Is Ponting “The Man” For Australia?; or “Dear, I think I took your Suisse multivitamin by mistake.”

One version of the Ricky Ponting urban legend has it that during a big night he was given a black eye by a transvestite. To save further confusion about gender roles let us make one thing perfectly clear: despite his claim to the contrary, Ricky Ponting was never the man for Australia. As a fielding captain, Ponting has only ever had two real plans: 1. Give the ball to McGrath; and 2. Give the ball to Warne. Ponting was appointed captain at a time when a mildly trained monkey would have done.

Unfortunately. Ponting as captain is the path the selectors chose. I say “unfortunately” not because his tenure has been a failure but because the succession planning has. At 36 Ponting is close to the end of his career. While he can still perform at the level required his form and talent are certainly tapering. All that may prolong his career at this late stage is the search for a replacement. And there are more than a few of his teammates in the same position.

For a long time Australia had a number of seemingly ready-made replacements who were capable of stepping into the team and performing. Darren Lehman and Michael Hussey both had over 10, 000 first-class runs to their names before they were given an opportunity. Brad Hodge ended with over 17, 000, and despite averaging 55.88 in the five-day game only managed six test matches. Marcus North has also scored over 10, 000 first-class runs. Matthew Hayden has nearly 25, 000 to his name and Justin Langer has over 28, 000. The list could go on, but I think I’ve made my point. Australian cricket—for a long time—has had a number of batsmen with plenty of runs waiting to step into the national side.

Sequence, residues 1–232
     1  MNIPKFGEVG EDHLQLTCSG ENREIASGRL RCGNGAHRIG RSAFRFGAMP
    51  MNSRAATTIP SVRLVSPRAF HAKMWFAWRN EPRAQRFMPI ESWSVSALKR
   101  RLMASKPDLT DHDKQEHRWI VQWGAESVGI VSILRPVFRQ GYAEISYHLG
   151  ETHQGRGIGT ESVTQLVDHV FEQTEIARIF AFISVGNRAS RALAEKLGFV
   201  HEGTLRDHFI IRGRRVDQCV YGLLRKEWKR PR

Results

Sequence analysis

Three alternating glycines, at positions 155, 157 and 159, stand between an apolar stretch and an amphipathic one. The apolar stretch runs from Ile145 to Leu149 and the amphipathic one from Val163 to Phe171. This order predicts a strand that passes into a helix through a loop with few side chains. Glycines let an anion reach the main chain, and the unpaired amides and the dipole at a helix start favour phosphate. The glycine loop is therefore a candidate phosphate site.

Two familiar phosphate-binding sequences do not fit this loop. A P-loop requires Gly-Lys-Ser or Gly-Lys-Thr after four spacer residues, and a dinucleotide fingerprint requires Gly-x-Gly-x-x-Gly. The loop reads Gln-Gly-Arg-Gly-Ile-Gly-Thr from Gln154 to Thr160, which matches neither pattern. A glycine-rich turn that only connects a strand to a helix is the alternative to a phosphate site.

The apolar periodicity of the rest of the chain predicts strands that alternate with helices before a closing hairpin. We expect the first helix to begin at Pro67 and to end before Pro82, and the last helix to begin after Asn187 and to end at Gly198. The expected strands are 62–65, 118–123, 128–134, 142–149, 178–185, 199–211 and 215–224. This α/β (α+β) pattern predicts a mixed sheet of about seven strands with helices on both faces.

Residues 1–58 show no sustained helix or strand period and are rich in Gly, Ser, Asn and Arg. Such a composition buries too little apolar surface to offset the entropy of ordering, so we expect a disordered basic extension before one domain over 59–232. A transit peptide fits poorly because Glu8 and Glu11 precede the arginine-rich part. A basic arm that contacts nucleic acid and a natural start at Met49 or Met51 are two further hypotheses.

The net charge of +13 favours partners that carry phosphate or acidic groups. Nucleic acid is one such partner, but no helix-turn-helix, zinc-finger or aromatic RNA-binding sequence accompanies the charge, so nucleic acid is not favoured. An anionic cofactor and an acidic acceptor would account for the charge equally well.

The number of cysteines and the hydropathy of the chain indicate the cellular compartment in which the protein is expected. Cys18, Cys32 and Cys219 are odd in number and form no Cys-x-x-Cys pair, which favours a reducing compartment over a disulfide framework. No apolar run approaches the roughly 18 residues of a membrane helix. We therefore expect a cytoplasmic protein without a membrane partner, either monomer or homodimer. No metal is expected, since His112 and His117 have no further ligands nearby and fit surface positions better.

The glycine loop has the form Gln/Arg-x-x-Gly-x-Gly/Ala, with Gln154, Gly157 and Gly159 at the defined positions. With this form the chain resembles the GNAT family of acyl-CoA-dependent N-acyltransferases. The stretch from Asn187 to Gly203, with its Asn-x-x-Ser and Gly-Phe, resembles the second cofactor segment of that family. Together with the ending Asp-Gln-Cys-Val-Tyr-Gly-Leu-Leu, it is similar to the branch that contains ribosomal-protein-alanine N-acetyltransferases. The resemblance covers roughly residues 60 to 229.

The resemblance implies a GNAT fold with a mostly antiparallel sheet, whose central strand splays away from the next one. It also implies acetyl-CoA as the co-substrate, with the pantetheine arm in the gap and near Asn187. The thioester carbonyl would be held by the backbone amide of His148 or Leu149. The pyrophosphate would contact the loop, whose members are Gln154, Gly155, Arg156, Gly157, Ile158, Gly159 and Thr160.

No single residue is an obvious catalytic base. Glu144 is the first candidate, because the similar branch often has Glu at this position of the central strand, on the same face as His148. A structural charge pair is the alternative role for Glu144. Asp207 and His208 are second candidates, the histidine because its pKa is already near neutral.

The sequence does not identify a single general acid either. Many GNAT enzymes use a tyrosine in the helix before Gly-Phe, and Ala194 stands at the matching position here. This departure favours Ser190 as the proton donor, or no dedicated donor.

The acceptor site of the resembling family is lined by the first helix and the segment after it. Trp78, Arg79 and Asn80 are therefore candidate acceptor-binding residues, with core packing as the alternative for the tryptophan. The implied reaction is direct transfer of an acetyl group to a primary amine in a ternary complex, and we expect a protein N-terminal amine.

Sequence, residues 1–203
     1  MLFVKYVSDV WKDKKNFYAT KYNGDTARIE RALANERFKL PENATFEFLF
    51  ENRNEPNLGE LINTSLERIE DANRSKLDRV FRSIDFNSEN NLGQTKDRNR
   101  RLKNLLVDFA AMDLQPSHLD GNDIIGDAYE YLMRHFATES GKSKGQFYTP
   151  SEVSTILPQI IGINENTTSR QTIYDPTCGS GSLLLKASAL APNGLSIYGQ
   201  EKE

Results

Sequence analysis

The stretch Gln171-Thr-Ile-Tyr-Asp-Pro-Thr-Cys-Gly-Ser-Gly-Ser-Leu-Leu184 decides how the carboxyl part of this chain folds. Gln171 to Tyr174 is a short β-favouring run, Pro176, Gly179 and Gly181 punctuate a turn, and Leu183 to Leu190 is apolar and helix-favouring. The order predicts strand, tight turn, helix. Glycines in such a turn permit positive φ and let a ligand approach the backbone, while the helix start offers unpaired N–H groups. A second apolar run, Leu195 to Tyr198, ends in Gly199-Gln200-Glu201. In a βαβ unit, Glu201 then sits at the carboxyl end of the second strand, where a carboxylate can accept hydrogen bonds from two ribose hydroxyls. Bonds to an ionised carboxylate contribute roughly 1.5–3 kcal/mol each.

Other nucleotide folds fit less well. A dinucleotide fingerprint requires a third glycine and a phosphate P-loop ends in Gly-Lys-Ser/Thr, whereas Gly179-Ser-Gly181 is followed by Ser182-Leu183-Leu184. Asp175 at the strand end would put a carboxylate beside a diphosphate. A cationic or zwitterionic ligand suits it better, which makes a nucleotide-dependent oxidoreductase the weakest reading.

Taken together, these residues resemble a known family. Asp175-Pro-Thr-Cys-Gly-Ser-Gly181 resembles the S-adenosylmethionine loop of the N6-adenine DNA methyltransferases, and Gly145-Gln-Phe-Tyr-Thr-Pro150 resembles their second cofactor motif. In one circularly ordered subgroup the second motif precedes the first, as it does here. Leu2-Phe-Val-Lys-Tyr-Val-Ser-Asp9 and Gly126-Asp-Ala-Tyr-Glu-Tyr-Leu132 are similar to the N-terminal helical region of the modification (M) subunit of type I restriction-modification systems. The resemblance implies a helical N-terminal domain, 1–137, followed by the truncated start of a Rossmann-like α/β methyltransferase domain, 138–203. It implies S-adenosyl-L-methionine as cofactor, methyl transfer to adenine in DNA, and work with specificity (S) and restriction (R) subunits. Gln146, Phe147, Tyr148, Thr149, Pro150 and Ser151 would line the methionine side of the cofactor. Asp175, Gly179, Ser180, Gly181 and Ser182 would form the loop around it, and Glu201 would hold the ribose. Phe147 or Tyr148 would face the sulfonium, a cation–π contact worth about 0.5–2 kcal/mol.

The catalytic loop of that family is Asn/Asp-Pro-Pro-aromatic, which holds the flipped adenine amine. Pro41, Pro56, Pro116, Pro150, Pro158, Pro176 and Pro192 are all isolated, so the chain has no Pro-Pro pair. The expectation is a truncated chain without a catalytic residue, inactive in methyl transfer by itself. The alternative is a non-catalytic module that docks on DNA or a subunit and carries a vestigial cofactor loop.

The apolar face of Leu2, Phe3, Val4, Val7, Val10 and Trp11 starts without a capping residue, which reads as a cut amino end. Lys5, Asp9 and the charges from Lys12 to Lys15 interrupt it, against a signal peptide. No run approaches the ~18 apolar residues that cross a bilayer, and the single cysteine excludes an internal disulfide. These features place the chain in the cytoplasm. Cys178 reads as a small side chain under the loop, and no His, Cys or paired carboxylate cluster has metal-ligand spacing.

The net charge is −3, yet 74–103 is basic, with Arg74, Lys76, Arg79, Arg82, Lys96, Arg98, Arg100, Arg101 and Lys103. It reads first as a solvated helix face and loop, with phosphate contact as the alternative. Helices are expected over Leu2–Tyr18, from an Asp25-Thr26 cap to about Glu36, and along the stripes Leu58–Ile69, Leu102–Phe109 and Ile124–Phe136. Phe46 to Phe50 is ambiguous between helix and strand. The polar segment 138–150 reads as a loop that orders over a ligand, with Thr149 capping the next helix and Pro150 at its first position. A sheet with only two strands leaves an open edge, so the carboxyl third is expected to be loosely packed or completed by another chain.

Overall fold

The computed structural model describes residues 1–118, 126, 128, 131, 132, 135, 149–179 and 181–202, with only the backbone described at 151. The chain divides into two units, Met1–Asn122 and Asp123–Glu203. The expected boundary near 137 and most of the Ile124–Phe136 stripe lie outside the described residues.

Compare that with now. Some of the loudest calls for inclusion are for Usman Khawaja. This young man has had an impressive start to his first-class career but has only just passed 2, 000 runs. Callum Ferguson has scored over 3, 000 runs but at a much lower average than Khawaja. There is no particular reason that either young man could not step up and be a fine Test cricketer, but they are going to need longer in the side than Australia seems interested in granting. This is particularly the case for the specialist spinner.

Since Warne’s retirement at the end of the last home Ashes series in 2006/7, Australia have gone through an unseemly amount of spinners and are further than ever from finding a replacement. The fast bowling stocks are only slightly better off. Once Ponting had exhausted McGrath and Warne he always had Brett Lee, who took over 310 Test wickets. The current crop of fast bowlers don’t look like getting 20 wickets in a Test match between them, let alone 300 over a career. And that’s where Ponting’s failure is most acute—a lack of clear plans for dismissing batsmen.

So where to next for Australia? The World Cup is only a little over a month away so I wouldn’t be making a move on the Test side until after that. Even then Australia’s Test schedule isn’t clear. The ICC’s Future Tours program—from 2006—has Australia going to Bangladesh in April, hosting Zimbabwe in June, before going to Sri Lanka in August. A tour of Bangladesh is probably as good as any time to trial a new captain and a new(ish) side.

(EDIT: Apparently the Bangladesh and Zimbabwe series are not happening.)